It has long been rumored that pregnant women experience a phenomenon commonly referred to as “pregnancy brain”. Symptoms include mental fogginess, forgetfulness, and short attention spans. The problem is so common it affects four out of five expecting women. Up until now, it has largely been considered a non-medical issue, but now it has been confirmed as an actual side effect of pregnancy thanks to a new Austrailian study.
20 different pregnancy brain studies were analyzed and the data combined. There were 720 pregnant ladies and 521 not-pregnant women were included in the study so the results could accurately be compared. Both groups of women were administered the same tests including memory and attention-related tasks. It was revealed that not only did pregnant women perform worse than those who were not expecting. Women were tested several times throughout their pregnancies and most consistently had the same results. The information discovered does not mean that pregnant women are any less intelligent as they still scored in a normal range on the tasks. Overall, women experiencing “pregnancy brain” simply are not as mentally sharp as when they are not expecting.
It has been shown in medical studies that there is a possible reduction the level of gray brain matter for pregnant women in comparison with other women. The parts of the brain affected include the hippocampus which serves a major role in memory. Additionally, the influx of hormones also can bring about cognitive changes in pregnant women. There is some speculation as to whether the “pregnancy brain” symptoms prepare expectant mothers for the new role of motherhood. The brain may be preparing to decode infant behavior, work on minimal sleep, and deal with the many other changes that come with motherhood. After two years postpartum, cognitive activity was found to be restored to normal levels suggesting that “pregnancy brain” is indeed a temporary affliction.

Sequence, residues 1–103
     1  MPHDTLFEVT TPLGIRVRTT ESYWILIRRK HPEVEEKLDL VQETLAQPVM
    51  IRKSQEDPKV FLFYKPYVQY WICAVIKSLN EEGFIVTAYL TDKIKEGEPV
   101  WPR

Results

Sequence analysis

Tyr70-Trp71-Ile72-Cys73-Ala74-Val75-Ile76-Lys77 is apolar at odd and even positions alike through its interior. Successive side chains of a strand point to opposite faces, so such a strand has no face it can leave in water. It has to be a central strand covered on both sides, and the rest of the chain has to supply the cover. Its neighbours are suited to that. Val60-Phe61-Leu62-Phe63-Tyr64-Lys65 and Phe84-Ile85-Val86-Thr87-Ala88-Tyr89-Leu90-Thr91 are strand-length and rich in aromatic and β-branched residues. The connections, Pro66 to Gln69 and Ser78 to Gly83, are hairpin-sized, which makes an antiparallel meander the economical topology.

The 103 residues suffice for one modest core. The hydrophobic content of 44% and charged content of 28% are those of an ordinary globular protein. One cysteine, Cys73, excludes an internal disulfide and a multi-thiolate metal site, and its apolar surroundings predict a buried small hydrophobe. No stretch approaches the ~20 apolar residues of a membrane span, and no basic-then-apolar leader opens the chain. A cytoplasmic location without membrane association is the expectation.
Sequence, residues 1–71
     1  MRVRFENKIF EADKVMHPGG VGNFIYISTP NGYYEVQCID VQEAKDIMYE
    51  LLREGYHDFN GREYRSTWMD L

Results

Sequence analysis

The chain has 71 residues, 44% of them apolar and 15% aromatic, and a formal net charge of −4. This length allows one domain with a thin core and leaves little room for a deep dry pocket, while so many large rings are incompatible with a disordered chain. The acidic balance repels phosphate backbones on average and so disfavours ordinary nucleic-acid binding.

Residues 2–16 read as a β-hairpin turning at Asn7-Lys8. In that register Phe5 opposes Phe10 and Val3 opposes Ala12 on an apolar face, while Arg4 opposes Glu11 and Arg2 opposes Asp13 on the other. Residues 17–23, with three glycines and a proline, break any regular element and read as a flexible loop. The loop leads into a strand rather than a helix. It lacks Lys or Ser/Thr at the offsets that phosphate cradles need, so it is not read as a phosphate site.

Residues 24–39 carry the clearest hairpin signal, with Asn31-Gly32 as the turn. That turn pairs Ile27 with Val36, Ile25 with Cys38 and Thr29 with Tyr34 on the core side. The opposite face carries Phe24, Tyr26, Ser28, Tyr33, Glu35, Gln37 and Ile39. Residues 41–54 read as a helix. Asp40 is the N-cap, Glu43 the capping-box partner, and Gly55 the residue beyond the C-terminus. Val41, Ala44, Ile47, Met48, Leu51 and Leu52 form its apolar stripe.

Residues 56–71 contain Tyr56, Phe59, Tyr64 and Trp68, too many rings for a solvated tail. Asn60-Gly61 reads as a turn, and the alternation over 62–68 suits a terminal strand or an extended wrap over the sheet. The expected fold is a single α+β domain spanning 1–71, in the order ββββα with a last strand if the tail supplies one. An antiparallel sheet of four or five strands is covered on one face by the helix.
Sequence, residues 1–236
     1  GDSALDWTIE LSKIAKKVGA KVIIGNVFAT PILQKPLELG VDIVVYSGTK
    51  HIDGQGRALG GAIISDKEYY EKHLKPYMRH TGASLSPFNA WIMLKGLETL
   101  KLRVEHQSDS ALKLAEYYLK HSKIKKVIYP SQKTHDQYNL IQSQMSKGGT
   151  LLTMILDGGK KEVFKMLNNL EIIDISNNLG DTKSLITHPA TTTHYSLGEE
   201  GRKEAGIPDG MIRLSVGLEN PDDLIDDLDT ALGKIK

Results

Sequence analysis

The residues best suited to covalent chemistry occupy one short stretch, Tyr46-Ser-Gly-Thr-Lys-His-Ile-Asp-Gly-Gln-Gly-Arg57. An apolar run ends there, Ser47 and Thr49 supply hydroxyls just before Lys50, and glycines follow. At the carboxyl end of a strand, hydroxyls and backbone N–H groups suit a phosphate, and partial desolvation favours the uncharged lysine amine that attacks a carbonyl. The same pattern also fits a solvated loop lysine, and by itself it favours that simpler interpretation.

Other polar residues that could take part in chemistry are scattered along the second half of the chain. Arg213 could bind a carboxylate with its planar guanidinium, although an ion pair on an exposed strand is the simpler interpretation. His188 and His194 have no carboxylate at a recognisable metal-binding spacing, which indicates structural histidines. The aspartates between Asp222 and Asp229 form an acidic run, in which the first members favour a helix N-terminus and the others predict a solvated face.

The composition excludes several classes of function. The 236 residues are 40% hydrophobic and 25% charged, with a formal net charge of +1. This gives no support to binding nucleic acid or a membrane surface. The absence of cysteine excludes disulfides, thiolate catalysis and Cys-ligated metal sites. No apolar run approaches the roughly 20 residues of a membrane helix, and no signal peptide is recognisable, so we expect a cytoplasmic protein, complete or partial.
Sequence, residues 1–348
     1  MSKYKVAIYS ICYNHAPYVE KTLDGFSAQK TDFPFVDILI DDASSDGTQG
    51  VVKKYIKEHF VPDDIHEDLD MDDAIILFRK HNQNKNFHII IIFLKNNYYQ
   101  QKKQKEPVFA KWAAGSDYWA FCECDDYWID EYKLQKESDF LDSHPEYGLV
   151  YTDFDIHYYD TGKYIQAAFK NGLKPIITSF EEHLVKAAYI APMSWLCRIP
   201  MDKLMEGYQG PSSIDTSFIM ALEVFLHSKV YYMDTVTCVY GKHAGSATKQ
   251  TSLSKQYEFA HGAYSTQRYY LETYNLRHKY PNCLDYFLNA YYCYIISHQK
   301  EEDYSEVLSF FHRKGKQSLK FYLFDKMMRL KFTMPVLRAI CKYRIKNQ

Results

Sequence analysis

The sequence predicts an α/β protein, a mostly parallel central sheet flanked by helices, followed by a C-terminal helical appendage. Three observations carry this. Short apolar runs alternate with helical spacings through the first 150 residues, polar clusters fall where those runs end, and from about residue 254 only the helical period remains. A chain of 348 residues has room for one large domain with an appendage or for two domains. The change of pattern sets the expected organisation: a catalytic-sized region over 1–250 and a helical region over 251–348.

Every person is different. Each expectant mother will experience different symptoms of pregnancy at different degrees of severity. Thanks to an Austrailian study published in the Medical Journal of Australia women now know for sure that “pregnancy brain” is a real thing and completely normal. Most mothers experience this cognitive decline in their first trimester all the way until the baby’s birth and for some time afterward. The good news is that it naturally fades and the regular cognitive function returns.